Immigrants' Perceptions of their Experiences in Integrating into Communities in the Lower Mainland of British Columbia

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Saeed, Uzma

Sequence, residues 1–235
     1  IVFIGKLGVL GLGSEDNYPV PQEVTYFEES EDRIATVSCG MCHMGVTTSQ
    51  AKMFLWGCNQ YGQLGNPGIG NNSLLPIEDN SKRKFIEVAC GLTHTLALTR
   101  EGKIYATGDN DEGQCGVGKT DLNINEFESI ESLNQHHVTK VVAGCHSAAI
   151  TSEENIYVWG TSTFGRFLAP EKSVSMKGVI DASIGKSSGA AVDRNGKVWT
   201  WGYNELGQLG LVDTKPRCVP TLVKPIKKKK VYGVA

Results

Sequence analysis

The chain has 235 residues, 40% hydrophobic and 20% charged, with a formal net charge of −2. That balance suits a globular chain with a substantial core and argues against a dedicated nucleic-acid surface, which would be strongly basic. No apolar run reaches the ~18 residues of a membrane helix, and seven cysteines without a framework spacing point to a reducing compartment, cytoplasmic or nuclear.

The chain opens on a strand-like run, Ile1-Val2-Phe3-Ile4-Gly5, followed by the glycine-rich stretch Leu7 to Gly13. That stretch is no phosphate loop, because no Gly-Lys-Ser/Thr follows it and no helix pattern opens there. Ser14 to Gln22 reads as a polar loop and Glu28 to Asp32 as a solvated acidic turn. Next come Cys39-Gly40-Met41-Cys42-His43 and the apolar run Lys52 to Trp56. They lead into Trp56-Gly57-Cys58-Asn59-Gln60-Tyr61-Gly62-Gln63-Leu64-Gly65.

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Immigrants integrating into a new culture and/or society might bring certain expectations, perceptions and hopes with themselves. Although generally considered fairly normal and expected for the most part, these expectations can create problems for oneself and for others around the individual immigrant. This thesis will look into the perceptions of the immigrants integrating into the Lower Mainland of British Columbia. The immigrants discussed and studied in this particular thesis are from Pakistan, one of the many different communities that are a part of the Lower Mainland region of British Columbia. The participants selected were five families that are part of the Pakistani community in the Tri-cities area of the Lower Mainland of British Columbia. These families were selected because they were known to the interviewee or they were known through a common friend. A questionnaire was created and the immigrants were interviewed using that questionnaire; some participants completed the questionnaire on their own, without being interviewed. The research was conducted so that a better understanding would be attained by educators and others in lower Mainland regarding the issues faced by the immigrants in the Lower Mainland of British Columbia and as well as their perceptions during the process of integration. It was also hoped that the research would help bring awareness and raise questions for future research and/or studies conducted on the same topic. The research design used was a mixed method qualitative ethnographic study. The key finding showed that the interviews established some themes. These themes were obtained by using thematic analysis. The most common positive themes were 1) factors helping immigrants, 2) educational programs & activities are beneficial, 3) managed to integrate by, and 4) immigration process. The most common negative themes were 1) credentials/work experience not accepted is the biggest challenge/hurdle, 2) religion, 3) health care not as good, 4) high cost of living, and 5) lack of information. Some minor themes also emerged which were 1) racism, 2) educational system, 3) other benefits and 4) other challenges. This research also helped the immigrants in sharing some of their own best solutions for improving the experiences of integration into communities in the Lower Mainland of British Columbia. Most of the information that appeared as a result of this research would also benefit any other future study or research.
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